Materials And Methods: A total of 30 healthy, adult, male New Zealand white rabbits (mean weight 2.25±0.15 kg; range 2.0 to 2.5 kg) were used in the study. To create experimental osteonecrosis in all rabbits, 40 mg/kg methylprednisolone acetate was applied intramuscularly. Rabbits were randomly allocated into three groups with 10 rabbits in each: drilling group, PRP group, and bone marrow group. The non-drilled hips of the drilling group were identified as the control group.

Results: Rate of necrotic bone was lower in the PRP group compared to other groups. Highest rate of necrotic bone was detected in the control group. New bone formation rate was higher in the PRP group compared to other groups. Lowest new bone formation rate was determined in the control group. Inflammatory reaction rate was higher in the PRP group compared to other groups.

Conclusion: Platelet-rich plasma injection may play a positive role in the treatment of steroid-associated osteonecrosis in a rabbit model.

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Six-month Efficacy of Perineural Dextrose for Carpal Tunnel Syndrome

Abstract:

Objective: To assess the 6-month effectiveness of ultrasound-guided perineural injection therapy (PIT) using 5% dextrose (D5W) in patients with mild-to-moderate carpal tunnel syndrome (CTS).

Patients and Methods: A prospective, randomized, placebo-controlled, and double-blind study was conducted between May 1, 2016, through March 30, 2017. A total of 49 participants diagnosed with mild-to-moderate CTS were randomized into D5W and control groups. Participants in the D5W group received 1 session of ultrasound-guided PIT with 5 cc of D5W, and the control group received PIT with normal saline. The visual analog scale measured pain as a primary outcome. Secondary outcomes were Boston Carpal Tunnel Syndrome Questionnaire scores, the cross-sectional area of the median nerve, and electrophysiological measurement results. Assessment was performed before injection and at 1, 3, and 6 months post-injection.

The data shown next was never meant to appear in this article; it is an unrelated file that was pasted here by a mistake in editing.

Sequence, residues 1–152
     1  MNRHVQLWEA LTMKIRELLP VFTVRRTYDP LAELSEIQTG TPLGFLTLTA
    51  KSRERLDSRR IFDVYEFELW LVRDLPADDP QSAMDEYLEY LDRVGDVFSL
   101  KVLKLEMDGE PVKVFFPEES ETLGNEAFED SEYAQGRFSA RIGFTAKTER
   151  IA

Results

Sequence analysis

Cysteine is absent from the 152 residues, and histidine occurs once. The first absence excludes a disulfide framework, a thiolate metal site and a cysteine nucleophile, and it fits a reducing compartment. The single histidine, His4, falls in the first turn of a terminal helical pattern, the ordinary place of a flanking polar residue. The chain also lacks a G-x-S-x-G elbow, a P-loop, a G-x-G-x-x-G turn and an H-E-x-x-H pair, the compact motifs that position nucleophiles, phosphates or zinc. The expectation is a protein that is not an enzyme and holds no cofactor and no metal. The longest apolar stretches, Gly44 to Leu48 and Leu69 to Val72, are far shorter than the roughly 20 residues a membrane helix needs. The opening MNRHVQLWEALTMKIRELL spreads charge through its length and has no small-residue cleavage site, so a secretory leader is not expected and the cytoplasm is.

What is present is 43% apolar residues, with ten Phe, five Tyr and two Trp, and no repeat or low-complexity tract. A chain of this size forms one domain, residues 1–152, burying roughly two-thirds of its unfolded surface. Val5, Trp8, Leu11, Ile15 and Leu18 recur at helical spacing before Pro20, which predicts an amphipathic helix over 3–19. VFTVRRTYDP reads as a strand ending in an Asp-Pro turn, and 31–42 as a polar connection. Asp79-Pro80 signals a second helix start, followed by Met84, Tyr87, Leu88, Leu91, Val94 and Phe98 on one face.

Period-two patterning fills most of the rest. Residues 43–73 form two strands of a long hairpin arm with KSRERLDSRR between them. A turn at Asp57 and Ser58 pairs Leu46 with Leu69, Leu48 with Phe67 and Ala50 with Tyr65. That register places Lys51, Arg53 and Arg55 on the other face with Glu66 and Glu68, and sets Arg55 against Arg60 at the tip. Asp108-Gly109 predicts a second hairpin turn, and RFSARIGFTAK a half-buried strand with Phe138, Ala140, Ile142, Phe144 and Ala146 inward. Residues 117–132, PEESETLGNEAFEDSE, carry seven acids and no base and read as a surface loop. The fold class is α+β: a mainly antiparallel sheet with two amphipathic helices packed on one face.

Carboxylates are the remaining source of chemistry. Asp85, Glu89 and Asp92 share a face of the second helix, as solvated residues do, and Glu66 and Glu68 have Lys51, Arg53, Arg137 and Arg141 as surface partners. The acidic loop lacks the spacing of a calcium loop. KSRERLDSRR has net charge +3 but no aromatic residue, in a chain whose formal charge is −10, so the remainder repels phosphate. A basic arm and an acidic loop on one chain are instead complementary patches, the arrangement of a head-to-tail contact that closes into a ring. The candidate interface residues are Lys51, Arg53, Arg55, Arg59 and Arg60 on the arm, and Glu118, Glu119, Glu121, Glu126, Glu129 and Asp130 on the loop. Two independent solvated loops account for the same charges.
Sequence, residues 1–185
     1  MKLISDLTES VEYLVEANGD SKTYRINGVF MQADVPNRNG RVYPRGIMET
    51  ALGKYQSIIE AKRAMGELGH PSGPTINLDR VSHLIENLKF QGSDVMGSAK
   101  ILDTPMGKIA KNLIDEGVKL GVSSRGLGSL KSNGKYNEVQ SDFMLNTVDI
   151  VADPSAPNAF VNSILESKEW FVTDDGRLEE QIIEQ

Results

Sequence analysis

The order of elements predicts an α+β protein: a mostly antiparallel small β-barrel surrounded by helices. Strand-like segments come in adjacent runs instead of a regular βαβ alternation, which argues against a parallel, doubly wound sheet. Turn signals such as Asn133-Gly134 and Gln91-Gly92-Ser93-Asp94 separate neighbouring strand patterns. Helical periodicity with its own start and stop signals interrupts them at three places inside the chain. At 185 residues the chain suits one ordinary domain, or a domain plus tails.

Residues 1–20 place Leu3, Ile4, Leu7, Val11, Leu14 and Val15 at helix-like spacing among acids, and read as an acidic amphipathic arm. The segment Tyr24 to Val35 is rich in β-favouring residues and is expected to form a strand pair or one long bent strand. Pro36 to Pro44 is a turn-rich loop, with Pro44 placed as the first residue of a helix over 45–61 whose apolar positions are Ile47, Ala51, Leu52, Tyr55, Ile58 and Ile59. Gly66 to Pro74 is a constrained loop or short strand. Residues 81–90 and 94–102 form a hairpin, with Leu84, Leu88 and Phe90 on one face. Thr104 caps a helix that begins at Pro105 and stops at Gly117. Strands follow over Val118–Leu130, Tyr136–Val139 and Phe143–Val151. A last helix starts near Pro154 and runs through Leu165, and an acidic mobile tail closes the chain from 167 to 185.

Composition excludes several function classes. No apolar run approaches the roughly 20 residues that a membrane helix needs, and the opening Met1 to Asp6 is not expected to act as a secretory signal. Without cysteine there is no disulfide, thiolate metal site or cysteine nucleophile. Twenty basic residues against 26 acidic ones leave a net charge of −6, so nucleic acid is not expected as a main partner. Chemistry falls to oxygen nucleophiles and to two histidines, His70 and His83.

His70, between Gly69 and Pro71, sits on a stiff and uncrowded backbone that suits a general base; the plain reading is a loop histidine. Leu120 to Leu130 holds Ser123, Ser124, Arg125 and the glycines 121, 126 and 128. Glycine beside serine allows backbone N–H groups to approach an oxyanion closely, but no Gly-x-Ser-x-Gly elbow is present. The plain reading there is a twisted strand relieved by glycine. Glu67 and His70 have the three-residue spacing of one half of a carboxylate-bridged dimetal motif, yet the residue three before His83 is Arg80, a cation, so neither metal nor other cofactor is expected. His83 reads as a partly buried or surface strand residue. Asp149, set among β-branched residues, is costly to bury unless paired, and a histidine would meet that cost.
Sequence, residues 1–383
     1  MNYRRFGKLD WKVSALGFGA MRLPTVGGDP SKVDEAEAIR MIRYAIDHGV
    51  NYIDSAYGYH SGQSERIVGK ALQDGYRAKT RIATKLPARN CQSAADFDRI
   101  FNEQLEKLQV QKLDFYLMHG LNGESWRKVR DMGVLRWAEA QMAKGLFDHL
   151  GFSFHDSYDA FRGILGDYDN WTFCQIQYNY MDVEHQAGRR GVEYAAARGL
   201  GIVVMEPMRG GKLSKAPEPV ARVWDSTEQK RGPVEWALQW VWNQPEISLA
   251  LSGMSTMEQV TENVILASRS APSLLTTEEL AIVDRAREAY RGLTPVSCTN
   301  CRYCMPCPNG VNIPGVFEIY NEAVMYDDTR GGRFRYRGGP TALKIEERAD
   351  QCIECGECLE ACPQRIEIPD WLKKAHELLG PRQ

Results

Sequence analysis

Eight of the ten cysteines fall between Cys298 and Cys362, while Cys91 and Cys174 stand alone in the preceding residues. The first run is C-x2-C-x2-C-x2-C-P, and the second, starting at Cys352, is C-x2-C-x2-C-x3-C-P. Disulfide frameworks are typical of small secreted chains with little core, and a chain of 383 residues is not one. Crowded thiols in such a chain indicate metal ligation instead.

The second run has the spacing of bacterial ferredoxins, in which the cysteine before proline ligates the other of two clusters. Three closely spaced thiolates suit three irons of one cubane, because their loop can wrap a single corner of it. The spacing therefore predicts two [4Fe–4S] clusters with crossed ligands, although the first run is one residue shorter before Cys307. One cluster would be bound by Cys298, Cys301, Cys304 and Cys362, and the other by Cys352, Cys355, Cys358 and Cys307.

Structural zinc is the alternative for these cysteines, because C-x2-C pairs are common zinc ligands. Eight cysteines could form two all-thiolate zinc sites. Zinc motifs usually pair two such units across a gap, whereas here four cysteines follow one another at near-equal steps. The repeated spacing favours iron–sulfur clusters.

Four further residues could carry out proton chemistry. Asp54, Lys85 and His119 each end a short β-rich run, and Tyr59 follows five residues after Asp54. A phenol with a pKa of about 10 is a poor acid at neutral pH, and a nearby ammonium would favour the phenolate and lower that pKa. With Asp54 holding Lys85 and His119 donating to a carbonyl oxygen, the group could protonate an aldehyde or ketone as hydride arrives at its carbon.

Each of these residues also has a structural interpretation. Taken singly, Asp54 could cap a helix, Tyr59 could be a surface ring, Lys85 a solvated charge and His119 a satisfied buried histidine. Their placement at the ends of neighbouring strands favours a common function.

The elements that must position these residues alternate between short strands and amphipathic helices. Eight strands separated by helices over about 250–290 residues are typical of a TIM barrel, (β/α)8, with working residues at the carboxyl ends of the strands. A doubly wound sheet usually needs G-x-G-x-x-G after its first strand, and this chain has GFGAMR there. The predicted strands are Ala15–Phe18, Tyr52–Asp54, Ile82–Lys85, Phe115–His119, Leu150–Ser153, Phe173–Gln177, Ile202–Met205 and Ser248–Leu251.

Results: All patients (data from 30 wrists in each group) completed the study. Compared with the control group, at all post-injection time points, the D5W group had a significant reduction in pain and disability, improvement on electrophysiological response measures, and decreased cross-sectional area of the median nerve.

Conclusion: Our study reveals that ultrasound-guided PIT with D5W is an effective treatment for patients with mild-to-moderate CTS.

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A Novel Treatment for Carpal Tunnel Syndrome?

Abstract:

Carpal tunnel syndrome (CTS) is the most common entrapment neuropathy and is caused by chronic compression of the median nerve as it enters the carpal tunnel. Although the prevalence and incidence of CTS vary widely depending on the diagnostic criteria used, it is thought that, clinically, approximately 1 in 10 people have development of carpal tunnel syndrome.1,2 At this time, there is no consensus for the treatment of mild to moderate carpal tunnel syndrome. The American Academy of Orthopedic Surgeons has stated that nonsurgical treatments, such as splinting of the wrist to a neutral position and local corticosteroid injections, are reasonable options for patients early in the course of symptoms when there is no evidence of median nerve denervation.

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The Role of Platelet-Rich Plasma in Promoting Cartilage Integration and Chondrocyte Migration

Abstract:

Objectives: Current therapies for cartilage repair either do not result in regeneration of articular cartilage, or there is inadequate integration with the host tissue leading to failure of the repair. Thus, there is an interest in developing alternative approaches. The mechanisms of cartilage integration remain relatively unknown, however it is believed that chondrocyte migration is crucial to this process. Previously, we showed that platelet rich plasma (PRP) enhances in vitro cartilage tissue formation. We hypothesized that PRP will enhance the integration of bioengineered cartilage with native cartilage due to increased matrix accumulation at the interface and that PRP could promote chondrocyte migration.